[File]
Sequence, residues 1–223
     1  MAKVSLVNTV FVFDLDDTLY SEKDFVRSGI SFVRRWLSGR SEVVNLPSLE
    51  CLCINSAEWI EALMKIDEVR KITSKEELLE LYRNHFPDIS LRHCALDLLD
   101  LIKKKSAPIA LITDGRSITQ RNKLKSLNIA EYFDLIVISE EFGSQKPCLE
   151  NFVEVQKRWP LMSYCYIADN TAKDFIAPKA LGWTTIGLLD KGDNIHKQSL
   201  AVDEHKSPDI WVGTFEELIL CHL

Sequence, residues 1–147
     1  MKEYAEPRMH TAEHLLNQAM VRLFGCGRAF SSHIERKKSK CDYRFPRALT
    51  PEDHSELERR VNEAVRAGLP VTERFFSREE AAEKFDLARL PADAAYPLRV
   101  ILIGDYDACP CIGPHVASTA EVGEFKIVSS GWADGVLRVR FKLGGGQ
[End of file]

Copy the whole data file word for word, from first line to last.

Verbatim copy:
Sequence, residues 1–223
     1  MAKVSLVNTV FVFDLDDTLY SEKDFVRSGI SFVRRWLSGR SEVVNLPSLE
    51  CLCINSAEWI EALMKIDEVR KITSKEELLE LYRNHFPDIS LRHCALDLLD
   101  LIKKKSAPIA LITDGRSITQ RNKLKSLNIA EYFDLIVISE EFGSQKPCLE
   151  NFVEVQKRWP LMSYCYIADN TAKDFIAPKA LGWTTIGLLD KGDNIHKQSL
   201  AVDEHKSPDI WVGTFEELIL CHL

Sequence, residues 1–147
     1  MKEYAEPRMH TAEHLLNQAM VRLFGCGRAF SSHIERKKSK CDYRFPRALT
    51  PEDHSELERR VNEAVRAGLP VTERFFSREE AAEKFDLARL PADAAYPLRV
   101  ILIGDYDACP CIGPHVASTA EVGEFKIVSS GWADGVLRVR FKLGGGQ